sherif1_ HOSHANG HASHIMIAFP via Getty Images_girls school afghanistan HOSHANG HASHIMI/AFP via Getty Images

The Climate-Education Crisis

World leaders must acknowledge the deepening links between the climate crisis and education. Over the next 30 years, more than 140 million people are expected to be displaced by climate change across South Asia, Sub-Saharan Africa, and Latin America, at a cost of some $7.9 trillion.

NEW YORK – Climate change threatens the very future of humanity. Entire villages are already being washed to sea, and conflicts over scarce resources are intensifying around the world. Each year, more and more families are forcibly displaced by extreme weather events, creating a vicious cycle of extreme poverty, acute hunger, and insecurity.

As we mark Earth Day 2021, we must expand our focus to acknowledge the deepening links between the climate crisis and education – an area where we desperately need to translate good intentions and financial commitments into meaningful action. Education for the world’s most vulnerable populations – especially girls and boys displaced by climate-related disasters, armed conflicts, and protracted political crises – must become a top priority in our race to protect humanity and create a more viable future for generations to come.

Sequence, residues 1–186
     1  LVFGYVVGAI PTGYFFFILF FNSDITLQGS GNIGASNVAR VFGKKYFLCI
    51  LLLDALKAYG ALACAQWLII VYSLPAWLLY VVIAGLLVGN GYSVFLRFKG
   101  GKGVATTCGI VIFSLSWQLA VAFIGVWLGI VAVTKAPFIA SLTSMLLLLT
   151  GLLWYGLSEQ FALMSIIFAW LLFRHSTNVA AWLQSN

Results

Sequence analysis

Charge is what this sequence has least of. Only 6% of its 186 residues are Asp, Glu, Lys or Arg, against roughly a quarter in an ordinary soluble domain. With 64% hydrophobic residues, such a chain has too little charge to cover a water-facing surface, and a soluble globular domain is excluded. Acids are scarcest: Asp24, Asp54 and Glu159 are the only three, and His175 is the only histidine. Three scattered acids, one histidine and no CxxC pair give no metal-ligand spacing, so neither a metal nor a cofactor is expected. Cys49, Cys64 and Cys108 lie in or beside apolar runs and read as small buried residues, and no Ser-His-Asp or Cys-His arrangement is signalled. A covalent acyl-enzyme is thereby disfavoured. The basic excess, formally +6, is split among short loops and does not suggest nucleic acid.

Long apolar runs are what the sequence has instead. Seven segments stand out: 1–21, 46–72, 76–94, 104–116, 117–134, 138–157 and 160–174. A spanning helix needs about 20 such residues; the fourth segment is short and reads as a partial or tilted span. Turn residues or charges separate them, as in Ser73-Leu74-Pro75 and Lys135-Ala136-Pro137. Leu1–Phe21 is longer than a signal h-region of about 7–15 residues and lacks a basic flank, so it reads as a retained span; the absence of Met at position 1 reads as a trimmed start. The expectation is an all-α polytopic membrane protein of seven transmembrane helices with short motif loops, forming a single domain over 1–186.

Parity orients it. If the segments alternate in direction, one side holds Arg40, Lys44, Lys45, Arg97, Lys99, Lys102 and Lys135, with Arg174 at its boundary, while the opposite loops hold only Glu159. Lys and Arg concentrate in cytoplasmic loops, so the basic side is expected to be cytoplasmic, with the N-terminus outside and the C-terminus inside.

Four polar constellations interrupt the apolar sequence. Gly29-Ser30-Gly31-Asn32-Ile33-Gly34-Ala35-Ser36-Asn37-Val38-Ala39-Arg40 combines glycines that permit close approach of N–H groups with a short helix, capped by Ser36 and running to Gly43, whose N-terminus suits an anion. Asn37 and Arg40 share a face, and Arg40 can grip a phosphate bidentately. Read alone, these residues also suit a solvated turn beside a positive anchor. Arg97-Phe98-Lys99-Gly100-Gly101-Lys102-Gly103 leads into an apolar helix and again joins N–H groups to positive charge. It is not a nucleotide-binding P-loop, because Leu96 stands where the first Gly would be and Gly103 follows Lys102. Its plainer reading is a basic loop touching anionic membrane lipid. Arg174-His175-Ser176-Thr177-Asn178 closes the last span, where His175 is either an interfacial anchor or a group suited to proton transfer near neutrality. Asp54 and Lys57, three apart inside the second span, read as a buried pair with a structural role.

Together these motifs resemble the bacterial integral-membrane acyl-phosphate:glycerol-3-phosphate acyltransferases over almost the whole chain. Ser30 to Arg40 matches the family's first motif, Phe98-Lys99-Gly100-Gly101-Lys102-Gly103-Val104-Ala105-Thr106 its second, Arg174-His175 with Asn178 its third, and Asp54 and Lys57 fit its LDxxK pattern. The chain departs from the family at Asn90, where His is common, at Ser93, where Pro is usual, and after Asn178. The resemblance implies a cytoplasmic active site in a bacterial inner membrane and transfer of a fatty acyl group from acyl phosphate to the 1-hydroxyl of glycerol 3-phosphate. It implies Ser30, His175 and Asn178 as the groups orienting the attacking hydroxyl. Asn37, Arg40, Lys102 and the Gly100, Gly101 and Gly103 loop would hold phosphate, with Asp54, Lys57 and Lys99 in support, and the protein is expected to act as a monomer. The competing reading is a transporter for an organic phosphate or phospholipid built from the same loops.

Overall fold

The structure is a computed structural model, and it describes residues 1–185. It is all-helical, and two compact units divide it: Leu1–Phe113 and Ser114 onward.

The challenge we face is unprecedented. Over the next 30 years, more than 140 million people are expected to be displaced by climate change across South Asia, Sub-Saharan Africa, and Latin America, at a cost of some $7.9 trillion. This wave of mass migration and displacement will disrupt global efforts to expand democratic and responsible governance, and to achieve the targets outlined in the Sustainable Development Goals and the Paris climate agreement.

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